At this point, I know of a few Web-based, rich media players that have various levels of accessibility, and a few possible text-to-speech (TTS) solutions. This post is a follow up to my earlier one about Ideal Criteria for People with Intellectual Disabilities to Listen to Web Text.
Accessible Rich Media Players Embeddable in Web Sites
- JW Player with the JW Controls Accessibility Plug-in. It plays MP3s and videos, including YouTube videos. It is skinnable and re-sizable. It has an intriguing Google Analytics plug-in that enables tracking of which videos are watched and for how long. It’s cost is low. It may be the most promising for the Clear Helper Web site.
- Nomensa Accessible Media Player. Its Web site’s description says it plays videos and audio, but not which formats. It does say it plays YouTube videos. There is no mention of skinning or resizing capability. The site says its cost is low, but there is no pricing information on it.
- CodePlex Accessible Media Player is Silverlight-based, Microsoft’s Flash competitor. It is in its first release.
- Easy YouTube is designed to play YouTube videos only. It has an interface with easy-to-use controls and big buttons. I am not sure if it has any built-in accessibility features.
Text-To-Speech For Web Sites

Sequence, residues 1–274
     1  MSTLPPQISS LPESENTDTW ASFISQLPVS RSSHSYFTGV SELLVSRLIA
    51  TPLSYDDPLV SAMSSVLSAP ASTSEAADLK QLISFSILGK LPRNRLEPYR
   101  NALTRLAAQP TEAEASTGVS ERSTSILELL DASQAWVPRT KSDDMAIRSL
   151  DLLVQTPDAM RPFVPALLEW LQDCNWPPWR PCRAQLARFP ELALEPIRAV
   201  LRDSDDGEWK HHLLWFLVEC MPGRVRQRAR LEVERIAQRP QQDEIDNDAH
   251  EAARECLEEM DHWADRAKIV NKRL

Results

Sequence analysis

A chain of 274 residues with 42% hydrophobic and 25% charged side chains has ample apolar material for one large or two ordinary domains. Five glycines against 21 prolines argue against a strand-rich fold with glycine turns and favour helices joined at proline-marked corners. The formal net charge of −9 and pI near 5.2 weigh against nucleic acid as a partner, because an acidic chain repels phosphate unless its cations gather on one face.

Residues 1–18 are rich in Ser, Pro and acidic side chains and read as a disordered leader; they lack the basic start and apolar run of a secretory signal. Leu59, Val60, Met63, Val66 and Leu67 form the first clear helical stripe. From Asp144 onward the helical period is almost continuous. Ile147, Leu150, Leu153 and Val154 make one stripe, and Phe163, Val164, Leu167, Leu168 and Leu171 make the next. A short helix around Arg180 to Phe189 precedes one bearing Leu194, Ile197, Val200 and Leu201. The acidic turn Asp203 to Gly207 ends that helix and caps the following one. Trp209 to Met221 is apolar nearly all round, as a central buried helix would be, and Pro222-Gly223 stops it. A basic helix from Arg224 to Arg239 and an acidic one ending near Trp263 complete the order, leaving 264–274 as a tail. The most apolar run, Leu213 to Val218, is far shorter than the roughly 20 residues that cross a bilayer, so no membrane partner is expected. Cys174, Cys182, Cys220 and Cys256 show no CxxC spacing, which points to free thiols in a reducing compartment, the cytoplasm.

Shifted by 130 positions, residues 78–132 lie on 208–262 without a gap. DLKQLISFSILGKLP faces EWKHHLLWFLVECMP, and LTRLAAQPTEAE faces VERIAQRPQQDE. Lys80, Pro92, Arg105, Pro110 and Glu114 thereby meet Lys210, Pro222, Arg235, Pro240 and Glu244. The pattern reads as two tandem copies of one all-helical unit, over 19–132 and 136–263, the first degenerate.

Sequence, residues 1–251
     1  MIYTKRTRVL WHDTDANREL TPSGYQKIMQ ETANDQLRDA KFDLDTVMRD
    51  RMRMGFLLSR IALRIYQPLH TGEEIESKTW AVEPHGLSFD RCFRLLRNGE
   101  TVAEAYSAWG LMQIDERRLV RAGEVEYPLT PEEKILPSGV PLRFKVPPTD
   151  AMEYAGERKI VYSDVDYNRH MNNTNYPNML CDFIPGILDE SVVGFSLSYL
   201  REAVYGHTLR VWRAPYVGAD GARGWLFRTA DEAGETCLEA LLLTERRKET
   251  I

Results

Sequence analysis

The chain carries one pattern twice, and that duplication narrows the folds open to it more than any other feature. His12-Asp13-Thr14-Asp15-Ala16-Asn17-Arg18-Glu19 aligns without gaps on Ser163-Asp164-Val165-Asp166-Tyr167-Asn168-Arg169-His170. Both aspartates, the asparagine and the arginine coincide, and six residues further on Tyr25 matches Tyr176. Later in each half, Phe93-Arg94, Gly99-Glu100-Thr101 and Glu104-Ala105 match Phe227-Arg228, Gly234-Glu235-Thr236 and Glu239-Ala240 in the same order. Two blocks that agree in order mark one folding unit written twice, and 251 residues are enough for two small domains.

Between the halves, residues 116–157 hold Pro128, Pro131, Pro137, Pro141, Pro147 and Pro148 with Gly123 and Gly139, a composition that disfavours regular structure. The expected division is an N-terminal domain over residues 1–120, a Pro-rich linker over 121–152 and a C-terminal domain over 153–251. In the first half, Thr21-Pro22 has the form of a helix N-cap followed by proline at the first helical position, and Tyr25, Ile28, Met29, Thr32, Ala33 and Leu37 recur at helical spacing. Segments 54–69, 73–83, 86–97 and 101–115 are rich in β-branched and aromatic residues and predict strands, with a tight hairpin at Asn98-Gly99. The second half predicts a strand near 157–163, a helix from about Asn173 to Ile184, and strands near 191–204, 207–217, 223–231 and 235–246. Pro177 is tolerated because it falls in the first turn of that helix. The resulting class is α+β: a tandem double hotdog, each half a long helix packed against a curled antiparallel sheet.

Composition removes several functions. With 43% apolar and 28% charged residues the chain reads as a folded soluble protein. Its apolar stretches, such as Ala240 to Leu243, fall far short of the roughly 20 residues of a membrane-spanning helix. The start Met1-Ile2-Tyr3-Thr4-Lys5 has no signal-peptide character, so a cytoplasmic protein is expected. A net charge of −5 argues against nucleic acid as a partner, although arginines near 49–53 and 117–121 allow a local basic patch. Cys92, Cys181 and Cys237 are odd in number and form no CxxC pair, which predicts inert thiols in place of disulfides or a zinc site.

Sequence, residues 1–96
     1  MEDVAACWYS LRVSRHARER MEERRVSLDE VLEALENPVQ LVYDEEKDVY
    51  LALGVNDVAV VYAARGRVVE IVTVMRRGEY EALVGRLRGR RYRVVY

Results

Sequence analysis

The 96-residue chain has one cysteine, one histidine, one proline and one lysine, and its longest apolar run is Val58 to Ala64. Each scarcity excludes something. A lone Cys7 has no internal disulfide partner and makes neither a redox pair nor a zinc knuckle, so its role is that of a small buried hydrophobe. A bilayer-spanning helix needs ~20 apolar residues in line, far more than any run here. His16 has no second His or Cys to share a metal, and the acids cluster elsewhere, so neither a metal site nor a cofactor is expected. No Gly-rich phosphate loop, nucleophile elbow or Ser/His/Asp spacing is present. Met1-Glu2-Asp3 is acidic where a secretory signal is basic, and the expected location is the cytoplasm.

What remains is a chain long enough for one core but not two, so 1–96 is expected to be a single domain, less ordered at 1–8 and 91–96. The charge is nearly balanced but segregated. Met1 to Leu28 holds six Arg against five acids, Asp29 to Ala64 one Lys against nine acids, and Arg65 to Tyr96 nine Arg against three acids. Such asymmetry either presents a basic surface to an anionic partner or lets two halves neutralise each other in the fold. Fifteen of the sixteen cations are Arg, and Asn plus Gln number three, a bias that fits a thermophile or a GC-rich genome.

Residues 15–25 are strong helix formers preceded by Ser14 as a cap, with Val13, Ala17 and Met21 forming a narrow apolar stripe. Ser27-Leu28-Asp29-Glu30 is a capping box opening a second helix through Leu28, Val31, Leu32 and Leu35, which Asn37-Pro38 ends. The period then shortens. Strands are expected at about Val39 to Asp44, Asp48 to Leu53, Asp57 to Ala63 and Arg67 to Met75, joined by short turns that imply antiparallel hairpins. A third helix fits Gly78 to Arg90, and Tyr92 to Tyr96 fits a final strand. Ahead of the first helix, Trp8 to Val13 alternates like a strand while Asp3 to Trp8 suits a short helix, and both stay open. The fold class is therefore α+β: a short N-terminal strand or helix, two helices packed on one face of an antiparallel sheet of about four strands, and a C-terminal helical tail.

- TextAloud converts text to MP3s and has natural-voice fonts. TextAloud can be used on a Web Site and can generate text on-the-fly. Its cost is low, but the cost of its compatible natural voices for the Web start at $1500.
- Cognable Speeka converts Web text to MP3s. It uses open-source voices only. It may have its own embeddable player, but there is no information about its accessibility. It was developed specifically for people with intellectual disabilities. No cost is listed on its Web site.
- SpokenText converts Web text to MP3s, but does not appear to have an on-the-fly generation capability. It has a variety of low, annual subscription costs. SpokenText also has a Firefox extension.
Other TTS Applications
To manually convert Web page text to MP3s, there are non-Web TTS programs I could use, such as Alive Text To Speech or SpeakText. Previous posts mentioned other such programs I have used, but I will likely try both TextAloud or Cognable Speaka.
I found a couple of Web-embeddable TTS applications with avatars (talking, lip-syncing characters). I might experiment with CrazyTalk or Cognable Avatar TTS.